There has been a lot of press around the ‘great resignation’ and much of it seems to be focused on why so many people are resigning or changing careers. However, the real story of recent change in the workplace isn’t about the great resignation, an event has been happening for some time, and not just since COVID.
I think the much more interesting, and perhaps impactful change is the organisational shift towards ‘dynamic teams.’
The introduction of employment marketplaces, essentially internal job boards where employees sign up to be a part of temporary opportunities or ‘gigs’, is the next great evolution of the workplace. The standard “top-down”, work in hierarchical teams approach is being sidelined by a much more efficient, and flexible model. This seismic shift in global work culture should not be overlooked.
Perhaps the concept of dynamic teams and its elements have also been around for a long time too. However, technology in the HRIS space has only recently started to support the idea of providing employees access to work experience outside their standard job hierarchy. It is perhaps not surprising that only technology could facilitate such an arrangement.
Cataloguing thousands of opportunities varying in type, then matching them to the thousands of skills associated to hundreds of potential employees requires technology to realistically manage. Once employees are matched to an opportunity, the organisation now has a dynamic team. But how to manage this new, dynamic beast?
There is a valid concern that these opportunities offered to non-hierarchical teams distract employees from formal KPI’s, or the goals established by a direct supervisor. However, goal setting and attainment tracking software has been around for a long time. Companies and leaders can do two things at once and track the success and relative value of both activities using software.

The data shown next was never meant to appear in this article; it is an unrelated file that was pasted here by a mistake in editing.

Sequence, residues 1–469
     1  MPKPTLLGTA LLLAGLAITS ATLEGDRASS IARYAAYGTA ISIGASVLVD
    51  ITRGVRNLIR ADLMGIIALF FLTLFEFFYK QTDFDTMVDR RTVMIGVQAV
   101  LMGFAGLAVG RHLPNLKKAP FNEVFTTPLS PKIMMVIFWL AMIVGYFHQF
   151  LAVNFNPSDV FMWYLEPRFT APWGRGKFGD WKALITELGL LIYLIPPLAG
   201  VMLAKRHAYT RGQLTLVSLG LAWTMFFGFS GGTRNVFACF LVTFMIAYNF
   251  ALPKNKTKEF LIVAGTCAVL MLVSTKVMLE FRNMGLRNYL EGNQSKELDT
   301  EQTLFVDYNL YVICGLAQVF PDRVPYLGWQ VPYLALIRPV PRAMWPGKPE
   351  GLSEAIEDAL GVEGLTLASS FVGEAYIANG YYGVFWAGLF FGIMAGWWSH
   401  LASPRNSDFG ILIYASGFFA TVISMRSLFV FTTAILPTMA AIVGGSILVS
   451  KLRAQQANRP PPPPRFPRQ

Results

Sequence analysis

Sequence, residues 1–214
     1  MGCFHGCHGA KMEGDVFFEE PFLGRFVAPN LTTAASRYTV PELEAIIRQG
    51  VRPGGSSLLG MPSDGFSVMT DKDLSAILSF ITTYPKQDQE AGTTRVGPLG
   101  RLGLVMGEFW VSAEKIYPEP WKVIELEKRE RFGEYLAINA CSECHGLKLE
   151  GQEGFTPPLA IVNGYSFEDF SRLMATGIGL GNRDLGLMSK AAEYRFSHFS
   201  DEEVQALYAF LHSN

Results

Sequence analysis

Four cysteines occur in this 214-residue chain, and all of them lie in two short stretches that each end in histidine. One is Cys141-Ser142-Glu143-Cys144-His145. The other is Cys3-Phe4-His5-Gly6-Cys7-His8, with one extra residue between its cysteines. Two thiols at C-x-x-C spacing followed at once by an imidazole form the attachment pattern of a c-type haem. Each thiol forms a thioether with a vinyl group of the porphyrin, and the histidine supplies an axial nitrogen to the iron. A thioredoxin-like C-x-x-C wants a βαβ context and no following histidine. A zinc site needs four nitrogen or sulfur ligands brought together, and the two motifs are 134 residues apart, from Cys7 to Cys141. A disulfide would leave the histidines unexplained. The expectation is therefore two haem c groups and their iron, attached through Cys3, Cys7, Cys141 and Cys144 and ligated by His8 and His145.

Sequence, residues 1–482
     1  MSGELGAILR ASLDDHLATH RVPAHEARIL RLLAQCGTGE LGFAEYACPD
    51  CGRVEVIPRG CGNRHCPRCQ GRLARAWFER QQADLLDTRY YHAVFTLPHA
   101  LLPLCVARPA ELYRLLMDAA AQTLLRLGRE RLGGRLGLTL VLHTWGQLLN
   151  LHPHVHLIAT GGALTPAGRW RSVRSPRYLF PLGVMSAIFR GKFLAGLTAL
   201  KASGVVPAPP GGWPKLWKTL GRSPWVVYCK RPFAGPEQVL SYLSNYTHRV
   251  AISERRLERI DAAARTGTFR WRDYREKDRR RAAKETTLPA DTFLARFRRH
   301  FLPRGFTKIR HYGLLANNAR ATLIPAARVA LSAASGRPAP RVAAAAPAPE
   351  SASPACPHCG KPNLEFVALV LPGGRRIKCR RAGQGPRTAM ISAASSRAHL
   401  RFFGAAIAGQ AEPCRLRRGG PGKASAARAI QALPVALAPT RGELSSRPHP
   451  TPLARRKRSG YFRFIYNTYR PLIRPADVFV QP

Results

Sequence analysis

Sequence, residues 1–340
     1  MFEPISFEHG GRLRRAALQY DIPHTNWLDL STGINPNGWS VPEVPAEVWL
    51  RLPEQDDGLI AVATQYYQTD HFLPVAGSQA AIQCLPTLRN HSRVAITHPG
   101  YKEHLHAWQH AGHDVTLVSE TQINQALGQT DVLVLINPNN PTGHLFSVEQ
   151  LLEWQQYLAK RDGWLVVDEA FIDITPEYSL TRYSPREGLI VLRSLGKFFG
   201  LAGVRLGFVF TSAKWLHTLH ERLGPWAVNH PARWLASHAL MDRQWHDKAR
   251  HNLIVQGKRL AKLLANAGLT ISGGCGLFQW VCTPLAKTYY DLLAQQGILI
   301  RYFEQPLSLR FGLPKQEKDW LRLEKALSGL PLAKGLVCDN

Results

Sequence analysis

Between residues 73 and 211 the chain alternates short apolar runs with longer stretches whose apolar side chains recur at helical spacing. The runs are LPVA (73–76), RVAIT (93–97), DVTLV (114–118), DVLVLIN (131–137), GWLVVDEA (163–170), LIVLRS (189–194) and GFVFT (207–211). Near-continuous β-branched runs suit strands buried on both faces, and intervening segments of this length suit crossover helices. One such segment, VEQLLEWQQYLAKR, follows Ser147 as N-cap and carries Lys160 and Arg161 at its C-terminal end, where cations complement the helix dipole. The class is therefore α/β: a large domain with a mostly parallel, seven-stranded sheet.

Another concern is collaboration. However, if the COVID restrictions, including restrictions on travel and ‘in person’ meetings, have taught us anything, it is that software can overcome these limitations also. Microsoft Teams, Zoom or whatever flavour of collaboration software is the prevailing favourite has proven very effective in connecting teams across the globe and allowing for remote work to keep productivity going, even soaring.
Achieving business outcomes vs. championing job roles
Organisations benefit from this evolution in several ways. For one thing dynamic teams by their very nature emphasize achieving business outcomes rather championing job roles. Rather than having leaders assigning work based on group hierarches, employees can be part of cross-functional teams based on what needs to get done and who is able to do it. The outcome is served by assigning people with the right skills and motivation to the task, rather than to a team who might be ‘traditionally’ responsible for a similar task.
Workers can participate in activities based on the skills and aspirations they have. This leads to greater job satisfaction and in increased desire to stay with the organisation providing these opportunities. Because skills and experience are targeted at the opportunity specifically, rather than merely pulling people from a pool designated as the ‘official’ source, the outcome of the project or gig will likely be of higher quality and more successful. Employees participating in dynamic teams not only get the opportunity to flex skills not found in their formal jobs, but they also gain exposure to other leaders, teams and projects that could also be career enhancing.
Many organisations have the tools necessary to facilitate the next great industrial revolution and dynamic teams will be a core part of the change. COVID and its related impact on how we work, on the economy and on our psychology has ushered in a change that has long been needed in the modern workplace – flexibility. Employees and employers can and will benefit from this change facilitated in part with modern technology and fortunately for me, good use of sophisticated software.
This article was originally featured on SAP BrandVoice on Forbes.